2.Scher AI, Stewart WF, Lipton RB. Migraine and headache: A meta-analytic approach. In: Crombie IK, editor. Epidemiology of Pain. Seattle, WA: IASP Press; 1999. p. 159-70.  Back to cited text no. 2
3.Abu-Arefeh I, Russell G. Prevalence of headache and migraine in schoolchildren. BMJ 1994;309:765-9.  Back to cited text no. 3
4.Lee L, Olness K. Clinical and demographic characteristics of migraine in urban children. Headache 1997;37:269-76.  Back to cited text no. 4
5.Bandell-Hoekstra IE, Abu-Saad HH, Passchier J, Frederiks CM, Feron FJ, Knipschild P. Prevalence and characteristics of headache in Dutch schoolchildren. Eur J Pain 2001;5:145-53.  Back to cited text no. 5
6.Iºik U, Topuzoðlu A, Ay P, Ersu RH, Arman AR, Onsüz MF, et al. The prevalence of headache and its association with socioeconomic status among schoolchildren in Istanbul, Turkey. Headache 2009;49:697-703.  Back to cited text no. 6
7.Adoukonou T, Houinato D, Kankouan J, Makoutode M, Paraiso M, Tehindrazanarivelo A, et al. Migraine among university students in Cotonou (Benin). Headache 2009;49:887-93; discussion 894.  Back to cited text no. 7
8.Ayatollahi SM, Moradi F,Ayatollahi SA. Prevalence of migraine and tension type headache in for adolescent girls of Shiraz (Southern Iran). Headache 2002;42:287-90.  Back to cited text no. 8
9.Russell MB, Kristiansen HA, Saltyte-Benth J, Kvaerner KJ. A cross-sectional population-based survey of migraine and headache in 21,177 Norwegians: The Akershus sleep apnea project. J Headache Pain 2008;9:339-47.  Back to cited text no. 9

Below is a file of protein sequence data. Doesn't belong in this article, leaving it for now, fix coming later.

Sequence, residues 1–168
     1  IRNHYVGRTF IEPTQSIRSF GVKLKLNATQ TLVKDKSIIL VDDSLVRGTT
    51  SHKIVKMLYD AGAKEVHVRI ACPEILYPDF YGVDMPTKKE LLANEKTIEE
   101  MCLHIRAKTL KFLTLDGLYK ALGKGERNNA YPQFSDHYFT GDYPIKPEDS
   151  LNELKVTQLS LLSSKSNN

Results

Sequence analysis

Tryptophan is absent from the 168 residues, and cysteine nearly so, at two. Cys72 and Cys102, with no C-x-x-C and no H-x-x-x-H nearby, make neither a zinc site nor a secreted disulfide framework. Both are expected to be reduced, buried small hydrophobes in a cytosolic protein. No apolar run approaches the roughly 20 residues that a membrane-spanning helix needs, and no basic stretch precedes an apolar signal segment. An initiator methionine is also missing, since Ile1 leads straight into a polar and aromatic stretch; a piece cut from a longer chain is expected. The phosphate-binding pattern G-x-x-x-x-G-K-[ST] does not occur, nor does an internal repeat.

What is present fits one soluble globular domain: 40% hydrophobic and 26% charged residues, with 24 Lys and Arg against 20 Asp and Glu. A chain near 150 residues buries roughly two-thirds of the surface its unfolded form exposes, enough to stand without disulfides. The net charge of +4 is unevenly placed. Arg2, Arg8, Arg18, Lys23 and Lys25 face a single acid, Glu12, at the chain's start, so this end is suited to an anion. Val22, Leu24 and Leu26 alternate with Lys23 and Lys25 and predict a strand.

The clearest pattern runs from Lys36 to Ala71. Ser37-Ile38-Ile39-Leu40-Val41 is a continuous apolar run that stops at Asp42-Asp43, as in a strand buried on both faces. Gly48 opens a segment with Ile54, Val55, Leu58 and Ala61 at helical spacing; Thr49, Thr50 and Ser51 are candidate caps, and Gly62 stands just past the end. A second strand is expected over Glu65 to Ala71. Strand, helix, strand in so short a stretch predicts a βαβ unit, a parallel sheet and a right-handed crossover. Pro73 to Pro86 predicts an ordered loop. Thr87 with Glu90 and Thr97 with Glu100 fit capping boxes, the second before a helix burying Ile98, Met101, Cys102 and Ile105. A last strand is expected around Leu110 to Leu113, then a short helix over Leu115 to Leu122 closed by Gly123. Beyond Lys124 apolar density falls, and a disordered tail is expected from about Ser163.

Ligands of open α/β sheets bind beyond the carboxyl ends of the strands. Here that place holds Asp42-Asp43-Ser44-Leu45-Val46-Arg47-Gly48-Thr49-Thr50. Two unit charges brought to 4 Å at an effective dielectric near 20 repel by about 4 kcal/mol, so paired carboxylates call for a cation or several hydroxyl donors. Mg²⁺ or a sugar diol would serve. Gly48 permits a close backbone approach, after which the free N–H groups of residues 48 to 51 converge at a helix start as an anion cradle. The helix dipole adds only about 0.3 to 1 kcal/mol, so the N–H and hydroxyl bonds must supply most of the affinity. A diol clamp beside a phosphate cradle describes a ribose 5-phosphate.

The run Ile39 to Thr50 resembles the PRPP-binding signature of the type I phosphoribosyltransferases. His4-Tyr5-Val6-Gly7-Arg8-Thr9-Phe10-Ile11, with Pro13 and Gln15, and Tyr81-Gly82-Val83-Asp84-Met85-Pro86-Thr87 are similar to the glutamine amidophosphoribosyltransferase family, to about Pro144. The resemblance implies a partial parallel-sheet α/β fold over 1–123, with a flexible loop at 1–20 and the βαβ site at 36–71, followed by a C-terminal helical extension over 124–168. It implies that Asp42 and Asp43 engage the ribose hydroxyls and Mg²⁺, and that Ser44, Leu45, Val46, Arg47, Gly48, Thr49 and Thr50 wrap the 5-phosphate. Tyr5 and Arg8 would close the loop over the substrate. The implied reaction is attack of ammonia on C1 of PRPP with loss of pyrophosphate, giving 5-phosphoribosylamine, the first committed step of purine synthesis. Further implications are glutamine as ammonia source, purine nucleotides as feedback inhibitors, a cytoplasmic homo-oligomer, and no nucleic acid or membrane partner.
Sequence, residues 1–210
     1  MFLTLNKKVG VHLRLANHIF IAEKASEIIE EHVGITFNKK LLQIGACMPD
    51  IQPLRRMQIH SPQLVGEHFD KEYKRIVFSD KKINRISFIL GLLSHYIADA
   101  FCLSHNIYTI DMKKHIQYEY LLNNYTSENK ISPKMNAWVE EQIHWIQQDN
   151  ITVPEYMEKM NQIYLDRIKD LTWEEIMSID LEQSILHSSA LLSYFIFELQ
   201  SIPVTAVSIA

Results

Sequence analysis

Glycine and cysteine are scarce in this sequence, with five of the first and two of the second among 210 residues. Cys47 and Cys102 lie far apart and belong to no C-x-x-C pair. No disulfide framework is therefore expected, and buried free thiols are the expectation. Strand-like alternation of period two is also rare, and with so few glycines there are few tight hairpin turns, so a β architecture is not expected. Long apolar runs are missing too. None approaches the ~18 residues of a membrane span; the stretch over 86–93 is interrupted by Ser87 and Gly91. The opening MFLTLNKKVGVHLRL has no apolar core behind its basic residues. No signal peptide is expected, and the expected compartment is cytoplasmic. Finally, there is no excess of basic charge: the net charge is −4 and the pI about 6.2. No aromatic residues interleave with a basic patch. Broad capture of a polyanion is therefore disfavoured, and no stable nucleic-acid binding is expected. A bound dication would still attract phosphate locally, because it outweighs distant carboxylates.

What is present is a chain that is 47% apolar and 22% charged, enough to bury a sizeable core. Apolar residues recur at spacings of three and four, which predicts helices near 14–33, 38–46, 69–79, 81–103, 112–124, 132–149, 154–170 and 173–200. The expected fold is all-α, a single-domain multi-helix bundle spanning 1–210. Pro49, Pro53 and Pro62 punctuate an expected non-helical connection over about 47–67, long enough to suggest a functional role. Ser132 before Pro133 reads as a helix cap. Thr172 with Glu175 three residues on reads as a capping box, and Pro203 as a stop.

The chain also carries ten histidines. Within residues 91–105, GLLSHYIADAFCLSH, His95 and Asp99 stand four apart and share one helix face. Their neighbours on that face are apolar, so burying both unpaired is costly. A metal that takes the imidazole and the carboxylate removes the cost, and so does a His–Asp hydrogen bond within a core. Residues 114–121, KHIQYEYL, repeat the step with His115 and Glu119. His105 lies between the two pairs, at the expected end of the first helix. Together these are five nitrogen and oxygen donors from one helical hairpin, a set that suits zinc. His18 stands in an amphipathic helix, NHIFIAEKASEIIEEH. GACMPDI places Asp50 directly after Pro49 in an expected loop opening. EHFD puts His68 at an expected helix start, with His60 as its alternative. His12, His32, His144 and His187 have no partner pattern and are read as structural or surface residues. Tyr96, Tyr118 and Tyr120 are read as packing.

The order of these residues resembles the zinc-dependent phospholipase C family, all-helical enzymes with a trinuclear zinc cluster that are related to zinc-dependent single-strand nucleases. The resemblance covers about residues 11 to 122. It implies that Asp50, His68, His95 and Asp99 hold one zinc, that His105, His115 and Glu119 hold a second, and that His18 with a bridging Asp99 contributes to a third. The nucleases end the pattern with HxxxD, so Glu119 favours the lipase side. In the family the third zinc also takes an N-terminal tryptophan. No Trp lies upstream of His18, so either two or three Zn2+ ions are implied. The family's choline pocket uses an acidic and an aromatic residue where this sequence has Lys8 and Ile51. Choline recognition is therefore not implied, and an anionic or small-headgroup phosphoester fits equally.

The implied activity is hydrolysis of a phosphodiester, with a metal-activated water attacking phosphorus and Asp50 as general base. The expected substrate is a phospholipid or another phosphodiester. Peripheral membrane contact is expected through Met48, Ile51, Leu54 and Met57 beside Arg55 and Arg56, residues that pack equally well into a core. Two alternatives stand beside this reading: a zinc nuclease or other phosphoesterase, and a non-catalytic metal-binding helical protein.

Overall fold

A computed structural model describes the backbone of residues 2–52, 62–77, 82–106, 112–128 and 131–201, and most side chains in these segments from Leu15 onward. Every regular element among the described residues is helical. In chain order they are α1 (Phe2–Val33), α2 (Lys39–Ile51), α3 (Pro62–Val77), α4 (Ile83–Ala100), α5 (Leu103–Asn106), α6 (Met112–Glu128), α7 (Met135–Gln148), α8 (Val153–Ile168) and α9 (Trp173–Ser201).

10.Russell MB, Iselius L, Olesen J. Migraine without and migraine with aura are inherited disorders. Cephalalgia 1996;16:305-9.  Back to cited text no. 10
11.Edvinsson L, Goadsby PJ. Neuropeptides in the cerebral circulation: Relevance to headache. Cephalalgia 1995;15:272-6.  Back to cited text no. 11
12.Zang Z, Winborn CS, Marquez de Prado B, Russo AF. Sensitization of calcitonin gene-related peptide receptors by receptor activity-modifying protein-1in the trigeminal ganglion. J Neurosci 2007;27:2693-703.  Back to cited text no. 12
13.Rasmussen BK. Migraine and tension-type headache in a general population: Psychosocial factors. Int J Epidemiol 1992;21:1138-43.  Back to cited text no. 13
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16.Isik U, Ersu RH, Ay P, Save D, Arman AR, Karakoc F, et al. Prevalence of headache and its association with sleep disorders in children. Pediatr Neurol 2007;36:146-51.  Back to cited text no. 16
17.Raieli V, Raimondo D, Cammalleri R, Camarda R. Migraine headache in adolescents: A student population-based study in Monreale. Cephalalgia 1995;15:5-12.  Back to cited text no. 17
18.Wöber-Bingöl C, Wöber C, Wagner-Ennsgraber C, Zebenholzer K, Vesely C, Geldner J, et al. IHS criteria and gender: A study on migraine and tension-type headache in children and adolescents. Cephalalgia 1996;16:107-12.  Back to cited text no. 18
19.Stewart WF, Linet MS, Celentano DD, Van Natta M, Ziegler D. Age and sex specific incidence rates of migraine with and without visual aura. Am J Epidemiol 1991;134:1111-20.  Back to cited text no. 19
20.Hernandez-Latorre MA, Macaya Ruiz A, Roig M. Clinical characteristics of migraine in childhood. Rev Neurol 2001;33:708-15.  Back to cited text no. 20
21.Bruni O, Fabrizi P, Ottaviano S, Cortesi F, Giannotti F, Guidetti V. Prevalence of sleep disorders in childhood and adolescence with headache: A case-control study. Cephalalgia 1997;17:492-8.  Back to cited text no. 21
22.Miller VA, Palermo TM, Powers SW, Scher MS, Hershey AD. Migraine headaches and sleep disturbances in children. Headache 2003;43:362-8.  Back to cited text no. 22


  [Table 1], [Table 2], [Table 3], [Table 4]